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Re: Guidelines? (And a quick note about the website)
Christian Reiniger wrote:
> The Greene Family wrote:
> >One more thing i should ask is about the use of assembly, i'm a fairly
> >experienced assembler coder, but i am anything but adept at the AT&T syntax
> >(to be straight forward: i've never been able to get the blasted syntax to
> >work!) so would using NASM be a bad thing or what?
> NASM is fine, but you should avoid assembly if possible, because it's very
> hard to port. And for most things the small speed gain just isn't worth it.
You could do it like in Crystal Space. Keep all routines in C so you always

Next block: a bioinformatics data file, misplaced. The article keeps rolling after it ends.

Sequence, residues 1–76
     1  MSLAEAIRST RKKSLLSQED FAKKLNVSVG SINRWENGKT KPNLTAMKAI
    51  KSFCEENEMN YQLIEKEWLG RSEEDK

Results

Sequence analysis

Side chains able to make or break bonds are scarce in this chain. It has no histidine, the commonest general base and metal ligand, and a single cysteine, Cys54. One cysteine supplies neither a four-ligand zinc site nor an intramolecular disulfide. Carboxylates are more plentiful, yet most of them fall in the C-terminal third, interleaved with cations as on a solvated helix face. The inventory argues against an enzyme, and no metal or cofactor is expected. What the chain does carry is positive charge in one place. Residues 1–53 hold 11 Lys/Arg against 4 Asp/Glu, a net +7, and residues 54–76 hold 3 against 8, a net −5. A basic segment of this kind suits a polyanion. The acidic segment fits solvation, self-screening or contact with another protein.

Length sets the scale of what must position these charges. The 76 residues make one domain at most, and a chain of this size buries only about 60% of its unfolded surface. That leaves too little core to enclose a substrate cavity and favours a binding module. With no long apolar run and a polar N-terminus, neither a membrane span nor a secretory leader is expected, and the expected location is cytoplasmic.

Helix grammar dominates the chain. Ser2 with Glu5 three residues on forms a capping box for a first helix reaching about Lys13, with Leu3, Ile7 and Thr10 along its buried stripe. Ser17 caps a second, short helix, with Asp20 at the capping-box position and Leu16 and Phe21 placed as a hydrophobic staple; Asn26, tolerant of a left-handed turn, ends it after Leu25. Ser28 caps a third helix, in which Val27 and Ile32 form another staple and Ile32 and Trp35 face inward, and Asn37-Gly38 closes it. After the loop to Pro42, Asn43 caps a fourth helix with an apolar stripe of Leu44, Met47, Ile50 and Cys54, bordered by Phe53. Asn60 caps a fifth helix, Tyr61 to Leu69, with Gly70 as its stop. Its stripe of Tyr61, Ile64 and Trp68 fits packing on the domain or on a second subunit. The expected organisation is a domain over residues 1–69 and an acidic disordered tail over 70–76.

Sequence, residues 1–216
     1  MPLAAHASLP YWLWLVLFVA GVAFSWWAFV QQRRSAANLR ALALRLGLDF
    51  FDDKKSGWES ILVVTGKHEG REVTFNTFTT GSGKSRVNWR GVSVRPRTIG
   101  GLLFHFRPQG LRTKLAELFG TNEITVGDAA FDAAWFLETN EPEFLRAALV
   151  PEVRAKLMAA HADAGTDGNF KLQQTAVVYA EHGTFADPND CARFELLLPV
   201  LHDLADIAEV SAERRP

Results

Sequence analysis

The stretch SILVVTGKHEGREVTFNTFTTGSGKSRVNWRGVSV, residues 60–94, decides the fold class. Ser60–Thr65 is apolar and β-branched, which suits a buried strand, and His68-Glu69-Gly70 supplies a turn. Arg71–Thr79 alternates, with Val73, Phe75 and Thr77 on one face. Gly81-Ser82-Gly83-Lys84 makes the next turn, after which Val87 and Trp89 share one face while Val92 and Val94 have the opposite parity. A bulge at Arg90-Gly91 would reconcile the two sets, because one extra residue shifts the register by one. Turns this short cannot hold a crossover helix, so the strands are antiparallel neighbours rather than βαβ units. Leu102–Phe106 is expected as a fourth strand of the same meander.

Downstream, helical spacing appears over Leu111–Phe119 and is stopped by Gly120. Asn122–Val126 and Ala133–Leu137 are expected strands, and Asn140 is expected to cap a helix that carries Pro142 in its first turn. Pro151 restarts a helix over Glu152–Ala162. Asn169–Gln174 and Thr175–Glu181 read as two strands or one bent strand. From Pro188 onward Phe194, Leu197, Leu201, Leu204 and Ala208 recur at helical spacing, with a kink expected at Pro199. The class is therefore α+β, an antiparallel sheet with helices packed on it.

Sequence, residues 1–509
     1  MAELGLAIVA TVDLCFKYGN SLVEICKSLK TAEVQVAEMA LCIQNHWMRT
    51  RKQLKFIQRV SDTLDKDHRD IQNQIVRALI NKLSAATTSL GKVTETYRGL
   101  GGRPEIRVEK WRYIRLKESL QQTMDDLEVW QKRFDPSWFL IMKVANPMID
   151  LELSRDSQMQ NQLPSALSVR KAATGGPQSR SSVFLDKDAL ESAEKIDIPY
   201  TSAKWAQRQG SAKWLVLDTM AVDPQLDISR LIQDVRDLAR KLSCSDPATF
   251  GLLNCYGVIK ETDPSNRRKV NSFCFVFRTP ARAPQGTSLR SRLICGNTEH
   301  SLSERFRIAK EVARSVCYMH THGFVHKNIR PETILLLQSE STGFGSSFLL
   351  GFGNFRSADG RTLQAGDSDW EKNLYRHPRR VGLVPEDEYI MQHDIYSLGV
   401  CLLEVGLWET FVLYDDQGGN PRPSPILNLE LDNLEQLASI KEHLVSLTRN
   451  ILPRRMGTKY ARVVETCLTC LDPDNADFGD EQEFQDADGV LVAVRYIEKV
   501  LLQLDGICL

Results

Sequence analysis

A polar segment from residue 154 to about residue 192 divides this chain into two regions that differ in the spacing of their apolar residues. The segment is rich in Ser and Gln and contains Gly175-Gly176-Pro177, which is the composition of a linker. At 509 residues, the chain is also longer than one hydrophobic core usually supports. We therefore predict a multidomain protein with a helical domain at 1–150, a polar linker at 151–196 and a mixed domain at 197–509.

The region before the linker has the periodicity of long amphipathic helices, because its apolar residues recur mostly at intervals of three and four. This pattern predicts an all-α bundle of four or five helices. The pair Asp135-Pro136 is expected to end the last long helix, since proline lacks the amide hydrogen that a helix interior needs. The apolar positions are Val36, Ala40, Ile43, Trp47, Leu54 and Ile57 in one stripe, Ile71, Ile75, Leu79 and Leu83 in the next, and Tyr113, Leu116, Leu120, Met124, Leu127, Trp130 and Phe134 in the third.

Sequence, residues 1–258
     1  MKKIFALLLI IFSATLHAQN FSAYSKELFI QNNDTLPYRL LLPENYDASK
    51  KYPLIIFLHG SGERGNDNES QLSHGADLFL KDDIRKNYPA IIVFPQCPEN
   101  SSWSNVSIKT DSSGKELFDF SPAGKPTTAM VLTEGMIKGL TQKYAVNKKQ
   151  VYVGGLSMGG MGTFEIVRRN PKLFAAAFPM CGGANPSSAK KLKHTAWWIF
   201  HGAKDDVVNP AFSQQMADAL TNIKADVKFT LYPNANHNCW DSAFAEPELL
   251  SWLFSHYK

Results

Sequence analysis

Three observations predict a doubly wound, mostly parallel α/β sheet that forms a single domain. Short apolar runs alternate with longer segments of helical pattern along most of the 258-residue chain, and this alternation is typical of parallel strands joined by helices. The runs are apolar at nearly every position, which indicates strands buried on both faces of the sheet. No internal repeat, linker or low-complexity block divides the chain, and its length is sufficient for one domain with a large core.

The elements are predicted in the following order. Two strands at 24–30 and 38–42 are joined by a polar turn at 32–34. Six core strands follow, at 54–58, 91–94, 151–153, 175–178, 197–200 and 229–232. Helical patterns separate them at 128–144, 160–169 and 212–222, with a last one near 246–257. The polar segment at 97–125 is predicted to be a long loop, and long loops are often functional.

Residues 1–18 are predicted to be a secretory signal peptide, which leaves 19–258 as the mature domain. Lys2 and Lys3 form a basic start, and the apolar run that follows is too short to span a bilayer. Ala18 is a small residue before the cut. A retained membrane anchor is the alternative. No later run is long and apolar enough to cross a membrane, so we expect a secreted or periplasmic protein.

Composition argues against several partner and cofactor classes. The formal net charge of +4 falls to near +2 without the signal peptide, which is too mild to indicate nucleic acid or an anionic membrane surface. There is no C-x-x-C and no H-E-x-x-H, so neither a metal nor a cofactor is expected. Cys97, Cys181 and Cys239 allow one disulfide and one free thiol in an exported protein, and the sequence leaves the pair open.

have the C fallback if needed but provide assembly versions of time critical
C functions which can optionally be used. Using this technique Crystal Space
can run on Linux, Solaris, IRIS/SGI, FreeBSD, BeOS, OS/2, Windows, DOS,
NextStep, OpenStep, Rhapsody, Macintosh, and Amiga while still using
maximum optimized assembly on systems that support it.
Of course the disadvantage of this is that you need to maintain two versions
of that particular routine. But you should only do this for routines that absolutely
need this (like the inner texture mapping loop) and that are not very likely
to change (so at the end stage of the project).
And NASM is a good choice for assembler as it is portable on Intel platforms.
Jorrit.Tyberghein@uz.kuleuven.ac.be, University Hospitals KU Leuven BELGIUM
"You can't trample infidels when you're a tortoise. I mean, all you could
do is give them a meaningful look."
-- (Terry Pratchett, Small Gods)